3D Printing is expected to rise to a value of $2.32 billion by 2020, with a CAGR of 26.2% during the forecast period. Growing demand for personalized healthcare solutions is driving the industry, with the technology allowing for entirely customized treatment. Further, it provides precise and more efficient solutions as well as compensates for the growing dearth of organs for transplants.
For 3D printing to sustain its growth and meet its potential, it must overcome several challenges. To meet custom orders in a timely manner, all around the world, it must surpass geographic and production limitations and be able to respond to data from multiple sources accurately and in real-time. This will impose an additional concern of security, as requests and producers will need to be verified and sensitive data will need to be protected.
Additionally, as 3D printing begins to increase distribution, and provide products to hospitals and patients, it will need to clear higher regulatory hurdles. For example, 3D printers have been called upon during COVID-19 to print nasal swabs for testing kits, and many cannot do so simply because they do not have the FDA clearance to do so. To achieve FDA clearance involves presenting huge amounts of data, and can be a compliance nightmare.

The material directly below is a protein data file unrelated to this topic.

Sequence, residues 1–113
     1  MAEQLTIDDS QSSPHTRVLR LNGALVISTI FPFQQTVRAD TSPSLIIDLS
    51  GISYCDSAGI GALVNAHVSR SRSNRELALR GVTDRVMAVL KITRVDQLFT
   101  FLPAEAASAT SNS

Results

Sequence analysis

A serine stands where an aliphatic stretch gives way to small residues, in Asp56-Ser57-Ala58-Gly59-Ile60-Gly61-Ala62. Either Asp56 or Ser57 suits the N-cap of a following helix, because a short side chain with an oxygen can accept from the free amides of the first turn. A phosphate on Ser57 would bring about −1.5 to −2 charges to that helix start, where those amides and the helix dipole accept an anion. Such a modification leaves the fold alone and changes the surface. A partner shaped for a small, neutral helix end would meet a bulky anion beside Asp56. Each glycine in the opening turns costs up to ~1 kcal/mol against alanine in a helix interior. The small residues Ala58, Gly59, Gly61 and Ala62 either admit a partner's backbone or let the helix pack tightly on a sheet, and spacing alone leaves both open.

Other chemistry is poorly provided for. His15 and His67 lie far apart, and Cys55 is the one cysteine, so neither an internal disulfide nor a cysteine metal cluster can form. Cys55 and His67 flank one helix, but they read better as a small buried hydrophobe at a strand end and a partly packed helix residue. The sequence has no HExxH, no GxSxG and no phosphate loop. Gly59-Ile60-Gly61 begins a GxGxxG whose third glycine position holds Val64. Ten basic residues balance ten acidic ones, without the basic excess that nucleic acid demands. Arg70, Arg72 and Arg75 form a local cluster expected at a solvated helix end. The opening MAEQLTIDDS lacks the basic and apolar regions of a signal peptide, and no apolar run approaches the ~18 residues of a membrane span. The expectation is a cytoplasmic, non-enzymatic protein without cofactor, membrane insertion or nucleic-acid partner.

For the FDA to regulate the industry is a challenge in itself. Last December, the agency issued a guidance on 3D Printing, referred to as additive manufacturing, covering device design, testing of products for function and durability, quality systems requirements and what to include in premarket submissions. This is only a preliminary set of thoughts, as the industry is expected to dramatically evolve, for example including nontraditional manufacturers like hospitals in the future.
Given that there is currently little standardization in the industry, the FDA must constantly keep up with a changing landscape on multiple fronts. If they do not succeed in properly regulating the industry, the effects could be dire. For example if companies print nasal swabs that are not up to standard, then COVID-19 patients could receive false negative results, leading them to think they don't need to quarantine and further spreading disease.